Whether you are stuck at home watching DIY channels or making back and forth runs to Home Depot its important that you keep up with these cleaning and maintenance tasks. You don’t have to be a HGTV enthusiast to knock out this list, we will walk your through step by step.


1. Clean Your Tub With WD-40 

WD-40 (Stands for Water Displacement) just in case you did not know. It can be essential for removing build up in the bathroom and toilet. We recommend spraying it directly on a microfiber cleaning cloth or cleaning rag. You can gently wipe WD-40 on shower heads to remove build up, as well as spray directly up tub spouts to clear out hard water that could be congesting proper water flow. You’ll want to let the WD-40 sit for at least an hour for best results, then run hot water through the spout.

Other Uses for WD-40: 

  • Erase Crayon – When crayon ends up on toys, flooring, furniture, painted walls, wallpaper, windows, doors, and television screens. Spray on WD-40 and wipe it off. 
  • Soften leather. Oil can help break in a stiff leather tool belt. 
  • Removes Stains from carpet/clothes – Spray on a rag/towel first. Add liquid to the rag as needed to gently remove stains, afterwards Kush with warm water for best results.
  • Removes Anything From a Glass Surface – Whether it be residue left over from tape, marks or glass stains WD-40 will do the trick. 
  • Scrub stains from stainless steel sinks – Apply to a cloth and rub stains out in a circular motion.

2. Automate Your Thermostat 

Tip 1: Update your thermostat to a smart thermostat or program your existing one to work on your schedule. Never turn your thermostat all the way off unless you are gone for multiple days. It’s actually more efficient to raise or lower the temperature as needed plus or minus 5 degrees. 

Tip 2: Keep your power bills consistent all year round – Many power companies offer a fixed rate bill which basically takes the average of 12 months for one consistent bill. This holds true especially for states with mild temperature swings. There is no cost, and it might be beneficial to keep your bill consistent all 12 months. 

Tip 3: Clean your AC Units. It’s important to have your units serviced yearly and at the very least clean the units yourself. To clean your units, you’ll want to make sure the system is off and breaker powering that unit is also off for added safety.


3. Maintain Your Sump Pump 

Some sump pumps are equipped with alarms to notify you if the pump is experiencing issues or alert you of water back up problems. However, it’s still important to check your equipment occasionally to ensure everything is running up to speed. 

Checklist for Sump Pump Up-Keep 

Make sure the pump is plugged in to a working ground fault circuit interrupter (GFCI) outlet, always check to make sure water is away from outlet.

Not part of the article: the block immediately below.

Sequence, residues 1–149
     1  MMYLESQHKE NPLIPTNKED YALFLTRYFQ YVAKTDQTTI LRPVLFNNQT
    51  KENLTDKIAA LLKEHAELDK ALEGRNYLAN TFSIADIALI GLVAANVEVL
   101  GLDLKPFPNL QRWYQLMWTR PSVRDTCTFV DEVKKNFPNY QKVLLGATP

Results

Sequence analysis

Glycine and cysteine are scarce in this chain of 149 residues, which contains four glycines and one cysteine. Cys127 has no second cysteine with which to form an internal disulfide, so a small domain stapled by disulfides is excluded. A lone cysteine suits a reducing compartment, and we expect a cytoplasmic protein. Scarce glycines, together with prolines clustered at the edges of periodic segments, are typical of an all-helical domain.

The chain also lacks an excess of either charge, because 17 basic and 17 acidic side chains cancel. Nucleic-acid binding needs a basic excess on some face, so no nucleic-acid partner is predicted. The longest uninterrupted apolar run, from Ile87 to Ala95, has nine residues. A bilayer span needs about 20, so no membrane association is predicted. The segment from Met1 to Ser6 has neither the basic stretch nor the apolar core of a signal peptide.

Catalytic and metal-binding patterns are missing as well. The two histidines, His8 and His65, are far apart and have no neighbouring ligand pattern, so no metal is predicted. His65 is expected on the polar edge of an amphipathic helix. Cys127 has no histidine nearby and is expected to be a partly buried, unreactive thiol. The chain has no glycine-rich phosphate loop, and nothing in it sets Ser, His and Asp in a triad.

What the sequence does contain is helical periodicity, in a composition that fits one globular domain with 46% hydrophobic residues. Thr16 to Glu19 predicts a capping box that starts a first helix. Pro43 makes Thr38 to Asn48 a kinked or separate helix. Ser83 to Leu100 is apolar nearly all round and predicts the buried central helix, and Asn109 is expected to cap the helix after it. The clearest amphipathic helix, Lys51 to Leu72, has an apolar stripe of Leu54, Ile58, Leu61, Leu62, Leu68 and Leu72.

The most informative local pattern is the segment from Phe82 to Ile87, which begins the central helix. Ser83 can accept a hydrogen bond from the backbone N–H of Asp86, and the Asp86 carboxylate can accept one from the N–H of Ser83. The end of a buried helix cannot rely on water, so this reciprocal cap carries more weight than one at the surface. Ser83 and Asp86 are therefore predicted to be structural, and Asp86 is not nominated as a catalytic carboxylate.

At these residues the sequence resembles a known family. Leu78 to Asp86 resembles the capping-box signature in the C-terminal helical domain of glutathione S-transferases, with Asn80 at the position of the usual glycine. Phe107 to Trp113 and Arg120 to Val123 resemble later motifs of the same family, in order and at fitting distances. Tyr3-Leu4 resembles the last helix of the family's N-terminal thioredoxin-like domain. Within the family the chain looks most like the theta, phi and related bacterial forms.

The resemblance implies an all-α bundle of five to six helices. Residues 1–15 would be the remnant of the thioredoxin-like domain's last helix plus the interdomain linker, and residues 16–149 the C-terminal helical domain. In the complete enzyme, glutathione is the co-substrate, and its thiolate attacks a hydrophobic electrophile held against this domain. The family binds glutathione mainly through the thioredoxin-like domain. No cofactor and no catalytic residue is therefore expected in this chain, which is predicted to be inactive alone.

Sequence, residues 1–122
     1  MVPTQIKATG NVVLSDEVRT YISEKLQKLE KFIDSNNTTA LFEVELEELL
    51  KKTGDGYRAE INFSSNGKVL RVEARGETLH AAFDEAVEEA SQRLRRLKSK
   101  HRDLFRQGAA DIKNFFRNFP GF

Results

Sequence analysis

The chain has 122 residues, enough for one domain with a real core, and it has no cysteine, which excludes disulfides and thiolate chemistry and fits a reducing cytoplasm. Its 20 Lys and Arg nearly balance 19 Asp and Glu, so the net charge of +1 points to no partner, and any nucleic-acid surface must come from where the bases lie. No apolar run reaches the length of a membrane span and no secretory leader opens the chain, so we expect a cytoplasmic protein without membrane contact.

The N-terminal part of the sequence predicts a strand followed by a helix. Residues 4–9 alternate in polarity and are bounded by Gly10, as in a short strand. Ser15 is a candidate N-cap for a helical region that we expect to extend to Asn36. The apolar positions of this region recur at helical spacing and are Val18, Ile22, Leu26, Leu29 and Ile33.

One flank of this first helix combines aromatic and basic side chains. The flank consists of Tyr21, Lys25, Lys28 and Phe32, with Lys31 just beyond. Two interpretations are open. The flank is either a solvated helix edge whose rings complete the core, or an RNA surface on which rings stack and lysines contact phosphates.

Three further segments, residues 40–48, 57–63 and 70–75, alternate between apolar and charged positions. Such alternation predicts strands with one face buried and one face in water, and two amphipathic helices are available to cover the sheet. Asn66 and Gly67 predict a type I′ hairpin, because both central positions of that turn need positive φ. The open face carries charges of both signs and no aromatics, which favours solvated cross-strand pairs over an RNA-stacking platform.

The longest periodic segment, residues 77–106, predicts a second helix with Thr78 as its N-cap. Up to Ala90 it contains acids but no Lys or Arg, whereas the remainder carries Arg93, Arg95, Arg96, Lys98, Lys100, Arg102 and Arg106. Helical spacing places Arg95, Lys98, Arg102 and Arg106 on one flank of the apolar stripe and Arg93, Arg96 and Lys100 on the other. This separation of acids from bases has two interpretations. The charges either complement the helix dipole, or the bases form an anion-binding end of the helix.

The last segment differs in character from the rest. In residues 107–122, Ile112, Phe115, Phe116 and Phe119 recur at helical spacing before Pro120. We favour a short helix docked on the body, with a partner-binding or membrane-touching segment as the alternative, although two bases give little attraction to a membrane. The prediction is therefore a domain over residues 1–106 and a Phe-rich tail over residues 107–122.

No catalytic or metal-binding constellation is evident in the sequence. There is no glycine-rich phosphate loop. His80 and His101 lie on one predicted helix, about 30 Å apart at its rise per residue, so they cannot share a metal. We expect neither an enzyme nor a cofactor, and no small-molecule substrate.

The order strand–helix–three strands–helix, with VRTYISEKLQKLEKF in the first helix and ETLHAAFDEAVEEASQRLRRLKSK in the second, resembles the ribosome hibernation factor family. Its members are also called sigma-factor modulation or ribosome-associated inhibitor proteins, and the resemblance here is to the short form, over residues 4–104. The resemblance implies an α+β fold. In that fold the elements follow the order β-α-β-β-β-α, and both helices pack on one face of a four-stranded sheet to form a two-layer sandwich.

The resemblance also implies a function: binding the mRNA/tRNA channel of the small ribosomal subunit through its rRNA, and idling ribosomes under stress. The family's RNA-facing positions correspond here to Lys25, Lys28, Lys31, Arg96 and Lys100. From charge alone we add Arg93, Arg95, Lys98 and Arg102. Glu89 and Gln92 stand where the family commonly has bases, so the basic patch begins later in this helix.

Ensure the pump itself is standing upright. Vibrations can sometimes cause the pump to tilt or fall to one side. 

Periodically pour a bucket of water into the pit to make sure the pump starts automatically and the water drains quickly once the pump is on. 

Physically remove a submersible pump from the pit and clean the grate on the bottom. The sucking action of the pump can pull small stones into the grate, blocking the inlet or damaging the pump over time. 

Ensure the outlet pipes are tightly joined together and draining out at least 20 feet (6 meters) away from your foundation. Make sure the vent hole in the discharge pipe is clear. 


4. Use Colored Dye to Check for Toilet Leaks 

Water leaking from your toilet tank will not only cost you money when it comes to your utility bill, but it can also cause water damage to your bathroom floor and premature wear of your toilet’s internal workings. 

Pro Tip: To check if your tank is leaking use red food coloring in the water tank, check an hour later. If it’s Pink or a lighter color than you originally- you have a bad flapper. 

If you find that your toilet is leaking from the tank to the bowl, the flapper needs to be replaced. 


Faucets in bathrooms typically leak due to warn out washers. You can remove the old washer and take it to any hardware store to match it up. 

Pro Tip: Always make sure to turn off the water supply when working with water. 


5. Clean Out Your Dryer Lint Vent – (Bi-Annually) 

It’s important to clean your lint traps (at least every 6 months). 

For a thorough cleaning of the ducts leading from the dryer to the outside of the home we recommend using/purchasing a wire brush lint cleaner from your local hardware store. 

Unplug your dryer, disconnect the dryer hose and use the wire brush lint tool to remove lint stuck farther than 6 inches in – Some individuals use a household vacuum to remove the lint.

Upkeep: A clean lint screen prevent fires, but it will also increase the life of the dryer. Physically remove the lint from the screen between each load of laundry. Also, be sure to remove fabric softener residue by washing the screen with warm water and dish detergent once per week.